React Native Live Stream Video

Streaming is something that we see every day at all times in applications such as Instagram, Tik Tok, Twitter, Twitch and Youtube.  Having a streaming functionality in an application sounds a bit difficult. However, luckily for us, with React Native live stream video and a third-party libraries, things are much easier. So let’s take a look at how to add a live stream video functionality to an app.

Requirements for React Native live stream video

In this project, we will use the react-native-nodemediaclient library.

So, after running “npx react-native init ProjectName” and creating our project, we will go to our project’s root folder and install the library running one of the following commands in our console:

  • npm install react-native-nodemediaclient 


  • yarn add react-native-nodemediaclient

If we are using a Mac environment we’ll go to the iOS folder and install the pod dependencies by just running the following commands:

  • cd ios
  • pod install

One last thing we must do is grant camera permissions for our project.

For Android, just add the following lines to ProjectName/android/app/src/main/AndroidManifest.xml :

Link: script

For iOS, add the following lines to ProjectName/ios/QLive/Info.plist:

Link: script

Now, our environment is ready and we can proceed with the application development.

Let’s jump into the code

In our application, we will have 3 screens:

  1. Main screen
  2. Streaming screen
  3. Play Stream screen

Note: This implementation was written using functional components and hooks.

Main screen

This is the screen we will see when our application starts. The function “requestCameraPermission”, as the name indicates, will ask our device to grant Camera and Record Audio permissions.

The useState hooks are used to store the Stream player and Live Session server URLs.

The useEffect hook uses the request permissions function on Android devices (using the Platform API) when our component mounts for the first time.

Then, there’s the screen container where we have an input to write the streaming name that we will place at the end of the URLs.

At the bottom of the screen, we have two buttons to go to the other two screens.

Finally, we have a navigation component to navigate inside our application.

Link: script

Streaming screen

This screen is where we will use our mobile’s front or back camera to start streaming.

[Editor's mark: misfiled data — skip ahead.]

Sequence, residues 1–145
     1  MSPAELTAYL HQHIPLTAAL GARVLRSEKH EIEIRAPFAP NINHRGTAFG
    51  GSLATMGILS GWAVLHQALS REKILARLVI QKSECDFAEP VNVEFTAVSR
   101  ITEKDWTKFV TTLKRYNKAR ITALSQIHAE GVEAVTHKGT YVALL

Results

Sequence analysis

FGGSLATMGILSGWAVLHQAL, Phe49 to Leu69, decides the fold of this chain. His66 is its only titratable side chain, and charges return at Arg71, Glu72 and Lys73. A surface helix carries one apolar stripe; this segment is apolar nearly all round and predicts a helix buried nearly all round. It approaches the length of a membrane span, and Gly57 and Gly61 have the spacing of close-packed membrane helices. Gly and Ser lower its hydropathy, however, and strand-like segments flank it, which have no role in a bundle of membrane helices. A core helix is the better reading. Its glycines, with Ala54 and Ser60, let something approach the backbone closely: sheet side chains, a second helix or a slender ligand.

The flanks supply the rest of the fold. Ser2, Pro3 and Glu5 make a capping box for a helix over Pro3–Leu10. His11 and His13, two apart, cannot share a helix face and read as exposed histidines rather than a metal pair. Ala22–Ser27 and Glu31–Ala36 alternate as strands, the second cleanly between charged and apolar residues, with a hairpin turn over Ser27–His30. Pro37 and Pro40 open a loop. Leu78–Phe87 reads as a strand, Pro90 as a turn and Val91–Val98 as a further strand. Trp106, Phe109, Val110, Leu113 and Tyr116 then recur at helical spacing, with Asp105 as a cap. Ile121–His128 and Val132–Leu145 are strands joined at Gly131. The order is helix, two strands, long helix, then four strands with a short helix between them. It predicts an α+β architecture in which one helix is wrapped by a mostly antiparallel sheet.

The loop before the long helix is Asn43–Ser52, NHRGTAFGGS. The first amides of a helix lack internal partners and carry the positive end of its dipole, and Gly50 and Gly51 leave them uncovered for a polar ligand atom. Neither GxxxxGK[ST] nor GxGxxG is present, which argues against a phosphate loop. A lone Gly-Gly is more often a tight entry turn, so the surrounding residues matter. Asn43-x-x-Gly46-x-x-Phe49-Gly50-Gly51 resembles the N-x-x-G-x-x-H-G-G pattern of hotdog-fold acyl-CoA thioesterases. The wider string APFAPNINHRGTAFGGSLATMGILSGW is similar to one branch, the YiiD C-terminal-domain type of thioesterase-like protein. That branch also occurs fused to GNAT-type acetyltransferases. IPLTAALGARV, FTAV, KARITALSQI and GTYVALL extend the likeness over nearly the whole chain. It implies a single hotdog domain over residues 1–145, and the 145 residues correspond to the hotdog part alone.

Keep in mind that the first time we get to this screen or the Play Stream one, we will be asked to grant Camera and Audio permissions. 

We use a useState hook to set a reference to the NodeCameraView component and the useEffect hook to stop the streaming content once we get on the screen.

Inside the NodeCameraView component, we have props that we can use to adjust the audio definition, video resolution, the available cameras, and much more.

One important prop of this component is outputUrl, which is where we set the URL and ports where our streaming will be played so others can join it.

At the end of the component we have three buttons with the following functions:

  1. Switch between the front and back camera.
  2. Start the stream transmission or stop it.
  3. Return to the Main screen.

Link: script

Play React Native Live Stream screen

On this last screen, we can use the useState and useEffect hooks to get and set the component reference, but in this case, we’ll use NodePlayerView.

As the name states, this component is used to see streaming content. On its inputUrl prop, we will set the URL from the streaming that we want to watch.

Our example sets the URL from the input on the Main screen where we can write the name of the Stream we would like to join.

Other props that NodePlayerView has are the autoplay option, buffer time and max buffer time; these last two can be used to adjust the transmission if the video is getting some delay. 

The onStatus prop is used in this example to display the streaming state on the console, so we will be able to see when the transmission is finished or when we disconnect from it. 

Keep in mind that if we set a wrong URL or the transmission is finished, we will see a black screen.

At the end of the component, we have a back button to return to the Main screen.

Link: script


Application preview

React Native Live Stream Video - EXAMPLEReact Native Live Stream Video - EXAMPLE2


Final thoughts on React Native Live Stream Video

One of the best things about React Native is that there are always third-party libraries that make things easier for us. As we have seen in this example, integrating streaming features into our applications was quite simple thanks to the Node Media Client library. Are you ready to try it out?